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For a decade, Bill Rodgers was an indomitable force on the U.S. and world road-racing scene. He is a four-time winner of both the New York City Marathon and the Boston Marathon, set many American records (several of which still stand), and was the year’s top-ranked marathoner in the world three times.
Raised in Newington, CT, Rodgers started running on his high school’s cross country team. In 1968, while studying at Wesleyan University, where he also ran for the school team, he shared a dorm room with that year’s Boston Marathon winner, Amby Burfoot. After graduation, Rodgers took a break from running. He returned to the sport in 1973, and in his international debut, he won the bronze medal at the 1975 IAAF World Cross Country Championships, equaling the highest finish by any American in international cross country competition. In that same year, he won the Boston Marathon for the first time, setting a course and American record of 2:09:55 despite stopping to tie his shoe twice during the race. Rodgers’ success on the Boston course, which included another American record in 1979, earned him the nickname “Boston Billy,” but he could as easily have been Big Apple Billy: He won the inaugural five-borough New York City Marathon on October 24, 1976, and returned to New York to win in each of the next three years.
After an injury hobbled him in the 1976 Montreal Olympic Games Marathon, Rodgers continued his remarkable domination at major road races. In 1977, he became the first person in history to simultaneously hold the Boston, New York City, and Fukuoka marathon titles; he remains the only person to have achieved this feat. Track and Field News ranked him the #1 marathoner in the world in 1975, 1977, and 1979. In 1978, Rodgers won 27 of the 30 races he entered, and he set a new world-best time for 10 kilometers on the road. He remains the American record-holder on the track for 15,000 meters, 20,000 meters, 25,000 meters, 30,000 meters, and the one-hour run. His 25,000-meter mark—1:14:11.8, set in 1979—also broke the existing world record.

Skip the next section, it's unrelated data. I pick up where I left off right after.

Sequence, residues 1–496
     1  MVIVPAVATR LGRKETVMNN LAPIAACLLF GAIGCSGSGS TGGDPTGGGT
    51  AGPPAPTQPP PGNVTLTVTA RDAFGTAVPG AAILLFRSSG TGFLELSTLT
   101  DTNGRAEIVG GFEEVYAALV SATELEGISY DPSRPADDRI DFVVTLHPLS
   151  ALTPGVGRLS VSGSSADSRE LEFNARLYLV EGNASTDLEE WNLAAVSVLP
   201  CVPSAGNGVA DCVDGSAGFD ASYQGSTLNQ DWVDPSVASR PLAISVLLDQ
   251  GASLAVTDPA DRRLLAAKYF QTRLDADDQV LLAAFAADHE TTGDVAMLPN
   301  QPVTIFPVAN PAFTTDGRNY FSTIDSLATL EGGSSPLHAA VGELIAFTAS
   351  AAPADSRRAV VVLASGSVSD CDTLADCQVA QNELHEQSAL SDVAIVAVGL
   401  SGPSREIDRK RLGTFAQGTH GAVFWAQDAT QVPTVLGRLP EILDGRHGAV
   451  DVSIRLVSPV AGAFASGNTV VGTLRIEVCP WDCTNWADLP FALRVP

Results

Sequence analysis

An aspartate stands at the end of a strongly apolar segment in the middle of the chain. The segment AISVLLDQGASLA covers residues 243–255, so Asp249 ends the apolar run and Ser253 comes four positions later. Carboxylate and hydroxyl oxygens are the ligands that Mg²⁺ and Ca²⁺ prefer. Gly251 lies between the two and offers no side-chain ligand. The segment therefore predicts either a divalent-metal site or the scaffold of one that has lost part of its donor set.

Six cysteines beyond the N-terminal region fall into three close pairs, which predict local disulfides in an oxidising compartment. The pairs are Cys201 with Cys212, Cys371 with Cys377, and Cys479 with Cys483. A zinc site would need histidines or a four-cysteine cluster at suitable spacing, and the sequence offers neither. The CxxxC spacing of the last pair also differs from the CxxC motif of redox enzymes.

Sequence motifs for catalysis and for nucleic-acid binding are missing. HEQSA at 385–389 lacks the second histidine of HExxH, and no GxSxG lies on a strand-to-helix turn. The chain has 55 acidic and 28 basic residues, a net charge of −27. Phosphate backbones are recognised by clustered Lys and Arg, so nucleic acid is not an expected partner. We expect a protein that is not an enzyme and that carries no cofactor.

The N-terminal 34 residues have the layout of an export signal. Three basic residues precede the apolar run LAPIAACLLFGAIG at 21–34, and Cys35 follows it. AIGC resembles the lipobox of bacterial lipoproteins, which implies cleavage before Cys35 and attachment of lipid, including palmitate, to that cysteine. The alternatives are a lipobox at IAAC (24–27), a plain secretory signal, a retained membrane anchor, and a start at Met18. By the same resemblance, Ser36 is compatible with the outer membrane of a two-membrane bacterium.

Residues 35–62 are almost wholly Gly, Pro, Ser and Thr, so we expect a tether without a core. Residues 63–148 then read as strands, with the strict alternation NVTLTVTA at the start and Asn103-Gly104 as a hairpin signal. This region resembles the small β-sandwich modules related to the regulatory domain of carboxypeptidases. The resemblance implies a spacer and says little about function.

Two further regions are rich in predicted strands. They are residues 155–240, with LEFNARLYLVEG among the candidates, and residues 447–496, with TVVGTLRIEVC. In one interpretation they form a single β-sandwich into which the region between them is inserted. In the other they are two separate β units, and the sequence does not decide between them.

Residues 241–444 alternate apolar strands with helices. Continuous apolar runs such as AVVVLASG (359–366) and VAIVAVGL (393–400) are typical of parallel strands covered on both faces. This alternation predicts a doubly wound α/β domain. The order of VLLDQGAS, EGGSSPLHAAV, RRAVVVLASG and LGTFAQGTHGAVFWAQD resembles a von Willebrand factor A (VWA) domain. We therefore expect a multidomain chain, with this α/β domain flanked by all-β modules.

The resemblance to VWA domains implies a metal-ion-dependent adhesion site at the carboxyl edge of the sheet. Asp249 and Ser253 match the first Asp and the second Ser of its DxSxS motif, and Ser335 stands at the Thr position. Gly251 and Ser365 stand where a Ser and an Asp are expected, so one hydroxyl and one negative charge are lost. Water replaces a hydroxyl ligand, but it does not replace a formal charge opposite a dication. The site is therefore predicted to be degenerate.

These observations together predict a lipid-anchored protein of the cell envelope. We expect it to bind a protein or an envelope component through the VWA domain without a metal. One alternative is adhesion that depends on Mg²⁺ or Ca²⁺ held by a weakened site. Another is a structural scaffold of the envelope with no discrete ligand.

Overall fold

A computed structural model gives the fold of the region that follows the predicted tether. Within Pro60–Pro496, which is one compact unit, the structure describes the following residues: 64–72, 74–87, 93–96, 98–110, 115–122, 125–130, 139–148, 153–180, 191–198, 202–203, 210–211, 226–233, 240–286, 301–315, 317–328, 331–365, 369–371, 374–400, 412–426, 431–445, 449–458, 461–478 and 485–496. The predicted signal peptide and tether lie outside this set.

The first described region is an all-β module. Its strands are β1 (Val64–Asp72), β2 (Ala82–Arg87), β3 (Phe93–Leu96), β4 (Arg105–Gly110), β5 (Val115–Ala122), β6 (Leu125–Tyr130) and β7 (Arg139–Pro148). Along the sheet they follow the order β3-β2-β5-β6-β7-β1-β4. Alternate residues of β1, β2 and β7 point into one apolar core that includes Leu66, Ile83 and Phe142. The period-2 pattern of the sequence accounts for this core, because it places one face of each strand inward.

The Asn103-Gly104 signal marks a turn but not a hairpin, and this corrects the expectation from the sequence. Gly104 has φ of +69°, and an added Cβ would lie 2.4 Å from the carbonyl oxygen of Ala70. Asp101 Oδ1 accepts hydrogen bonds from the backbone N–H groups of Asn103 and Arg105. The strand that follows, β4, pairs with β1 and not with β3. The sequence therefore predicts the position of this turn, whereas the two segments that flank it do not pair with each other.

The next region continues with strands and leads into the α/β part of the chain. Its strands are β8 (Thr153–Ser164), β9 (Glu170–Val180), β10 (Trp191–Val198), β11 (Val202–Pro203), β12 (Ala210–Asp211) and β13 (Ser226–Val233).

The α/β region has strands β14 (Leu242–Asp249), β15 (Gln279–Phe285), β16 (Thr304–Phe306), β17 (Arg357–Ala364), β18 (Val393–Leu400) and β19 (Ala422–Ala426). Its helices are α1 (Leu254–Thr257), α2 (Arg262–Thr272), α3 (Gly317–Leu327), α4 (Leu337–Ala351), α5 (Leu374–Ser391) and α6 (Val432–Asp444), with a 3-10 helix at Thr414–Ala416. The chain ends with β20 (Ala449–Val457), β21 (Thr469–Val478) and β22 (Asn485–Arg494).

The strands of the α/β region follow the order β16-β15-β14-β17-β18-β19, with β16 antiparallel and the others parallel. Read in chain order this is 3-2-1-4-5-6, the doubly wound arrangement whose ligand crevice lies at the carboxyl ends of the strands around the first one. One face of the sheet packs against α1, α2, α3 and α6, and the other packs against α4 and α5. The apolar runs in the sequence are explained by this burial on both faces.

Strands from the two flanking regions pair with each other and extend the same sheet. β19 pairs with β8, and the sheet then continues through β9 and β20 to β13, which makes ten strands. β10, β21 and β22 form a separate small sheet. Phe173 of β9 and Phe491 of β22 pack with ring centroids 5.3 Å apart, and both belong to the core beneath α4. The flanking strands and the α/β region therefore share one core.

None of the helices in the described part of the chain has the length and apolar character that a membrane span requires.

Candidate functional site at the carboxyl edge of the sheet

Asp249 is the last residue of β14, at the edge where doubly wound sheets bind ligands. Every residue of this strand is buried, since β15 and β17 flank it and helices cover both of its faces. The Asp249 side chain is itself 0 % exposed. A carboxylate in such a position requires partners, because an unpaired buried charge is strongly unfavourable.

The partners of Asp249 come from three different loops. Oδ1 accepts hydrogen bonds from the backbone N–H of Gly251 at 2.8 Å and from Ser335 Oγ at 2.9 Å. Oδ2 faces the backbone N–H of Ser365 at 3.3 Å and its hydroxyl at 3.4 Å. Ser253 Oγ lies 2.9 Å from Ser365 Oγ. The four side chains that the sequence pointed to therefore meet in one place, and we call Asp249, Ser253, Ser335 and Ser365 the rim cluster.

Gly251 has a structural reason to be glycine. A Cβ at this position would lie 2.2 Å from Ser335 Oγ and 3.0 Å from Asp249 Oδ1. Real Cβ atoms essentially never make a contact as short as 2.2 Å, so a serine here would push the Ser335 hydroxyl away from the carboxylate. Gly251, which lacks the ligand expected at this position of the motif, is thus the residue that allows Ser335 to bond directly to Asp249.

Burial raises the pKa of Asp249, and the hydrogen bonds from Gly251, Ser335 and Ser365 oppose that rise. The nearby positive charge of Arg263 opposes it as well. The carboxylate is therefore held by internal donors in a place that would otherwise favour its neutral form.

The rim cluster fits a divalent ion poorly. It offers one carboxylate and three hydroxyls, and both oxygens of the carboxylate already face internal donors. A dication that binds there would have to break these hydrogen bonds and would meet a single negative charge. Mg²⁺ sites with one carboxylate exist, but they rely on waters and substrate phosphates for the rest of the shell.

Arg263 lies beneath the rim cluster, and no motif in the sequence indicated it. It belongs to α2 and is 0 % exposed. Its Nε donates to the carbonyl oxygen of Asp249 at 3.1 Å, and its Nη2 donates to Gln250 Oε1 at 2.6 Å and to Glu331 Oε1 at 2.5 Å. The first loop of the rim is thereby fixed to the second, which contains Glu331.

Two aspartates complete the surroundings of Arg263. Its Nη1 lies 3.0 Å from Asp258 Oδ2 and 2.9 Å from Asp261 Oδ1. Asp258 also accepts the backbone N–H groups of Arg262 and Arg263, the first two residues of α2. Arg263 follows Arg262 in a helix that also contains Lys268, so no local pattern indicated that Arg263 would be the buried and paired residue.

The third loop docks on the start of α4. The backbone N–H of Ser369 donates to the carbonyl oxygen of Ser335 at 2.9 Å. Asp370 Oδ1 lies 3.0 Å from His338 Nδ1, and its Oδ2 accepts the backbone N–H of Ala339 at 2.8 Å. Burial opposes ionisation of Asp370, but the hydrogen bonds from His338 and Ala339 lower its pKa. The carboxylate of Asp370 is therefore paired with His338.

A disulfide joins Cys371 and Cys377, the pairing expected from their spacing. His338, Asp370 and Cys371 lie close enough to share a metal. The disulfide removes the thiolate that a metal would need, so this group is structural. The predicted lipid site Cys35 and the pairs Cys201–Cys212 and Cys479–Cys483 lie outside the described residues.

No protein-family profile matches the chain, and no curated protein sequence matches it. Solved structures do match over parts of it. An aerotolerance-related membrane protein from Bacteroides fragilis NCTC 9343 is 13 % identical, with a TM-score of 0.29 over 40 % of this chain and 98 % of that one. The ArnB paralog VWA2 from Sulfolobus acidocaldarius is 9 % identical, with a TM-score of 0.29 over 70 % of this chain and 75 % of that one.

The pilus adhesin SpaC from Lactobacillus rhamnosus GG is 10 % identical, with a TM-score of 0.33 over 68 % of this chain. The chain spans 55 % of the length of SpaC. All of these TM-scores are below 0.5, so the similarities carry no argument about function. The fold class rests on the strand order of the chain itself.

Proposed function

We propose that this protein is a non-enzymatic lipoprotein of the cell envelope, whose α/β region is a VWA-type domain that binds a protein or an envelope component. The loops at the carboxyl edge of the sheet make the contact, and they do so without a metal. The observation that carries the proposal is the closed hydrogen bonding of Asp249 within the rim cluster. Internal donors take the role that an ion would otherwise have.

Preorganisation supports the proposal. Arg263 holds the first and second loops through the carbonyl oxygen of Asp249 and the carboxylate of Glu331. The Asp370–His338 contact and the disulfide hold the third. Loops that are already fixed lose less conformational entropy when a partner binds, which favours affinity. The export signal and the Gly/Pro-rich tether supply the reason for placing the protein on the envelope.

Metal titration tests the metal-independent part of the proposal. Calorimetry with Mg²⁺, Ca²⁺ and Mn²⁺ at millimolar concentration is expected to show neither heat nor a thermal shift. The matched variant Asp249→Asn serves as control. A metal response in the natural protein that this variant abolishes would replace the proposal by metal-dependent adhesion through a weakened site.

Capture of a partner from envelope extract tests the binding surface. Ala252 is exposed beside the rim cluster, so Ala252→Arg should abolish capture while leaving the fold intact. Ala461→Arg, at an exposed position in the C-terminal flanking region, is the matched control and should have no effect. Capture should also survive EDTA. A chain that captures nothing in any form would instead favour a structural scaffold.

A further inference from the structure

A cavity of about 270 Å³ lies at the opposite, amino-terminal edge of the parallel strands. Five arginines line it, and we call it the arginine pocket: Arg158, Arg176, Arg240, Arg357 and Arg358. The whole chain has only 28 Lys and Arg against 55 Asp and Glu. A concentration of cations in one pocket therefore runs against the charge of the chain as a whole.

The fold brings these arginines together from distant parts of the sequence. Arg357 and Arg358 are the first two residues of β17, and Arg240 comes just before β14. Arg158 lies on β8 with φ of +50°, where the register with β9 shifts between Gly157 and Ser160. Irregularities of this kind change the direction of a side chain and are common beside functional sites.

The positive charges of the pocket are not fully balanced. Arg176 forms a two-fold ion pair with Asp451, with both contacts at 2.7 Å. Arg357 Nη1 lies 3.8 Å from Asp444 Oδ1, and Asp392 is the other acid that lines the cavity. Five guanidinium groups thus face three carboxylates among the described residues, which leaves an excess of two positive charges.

A longtime member of the Greater Boston Track Club, Rodgers earned a master’s degree in special education from Boston College, and he opened the Bill Rodgers Running Center in Boston in 1977. In 1989, 10 years after Rodgers’ fourth and final New York City Marathon victory, New York Road Runners presented him with the Abebe Bikila Award in recognition of his contributions to long-distance running. Ten years later, he was inducted into the National Track and Field Hall of Fame. Rodgers is noted for saying that “the marathon can humble you,” but his long drives to the finish line, breaking away early from his competitors in New York, Boston, and beyond, illustrated another of his famous sentiments: “If you want to win a race, you have to go a little berserk.”
|1976||30 kilometers||1:29:04 (former unofficial world record)|
|1979||Marathon||2:09:27 (former American record)|
|1977||15 Kilometers||43:39.8 (American record)|
|1977||20 Kilometers||58:15.0 (American record)|
|1979||25 Kilometers||1:14:12 (American and world record)|
|1979||30 Kilometers||1:31:50 (American record)|
|1975||#1 world marathon ranking, Track & Field News|
|1977||#1 world marathon ranking, Track & Field News|
|1979||#1 world marathon ranking, Track & Field News|
|1989||New York Road Runners Abebe Bikila Award|
|1999||Inducted into the Long Distance Running Hall of Fame|
|2000||Inducted into the USA Track & Field Hall of Fame|
|2013||Inducted into the New York Road Runners Hall of Fame|
|New York City Marathon||4|
|Falmouth Road Race (7.1M)||3|
|Virginia 10 Miler||5|
|Cherry Blossom 10-Mile||4|
|Beverly Hills 10K||4|
|Azalea Trail 10K||4|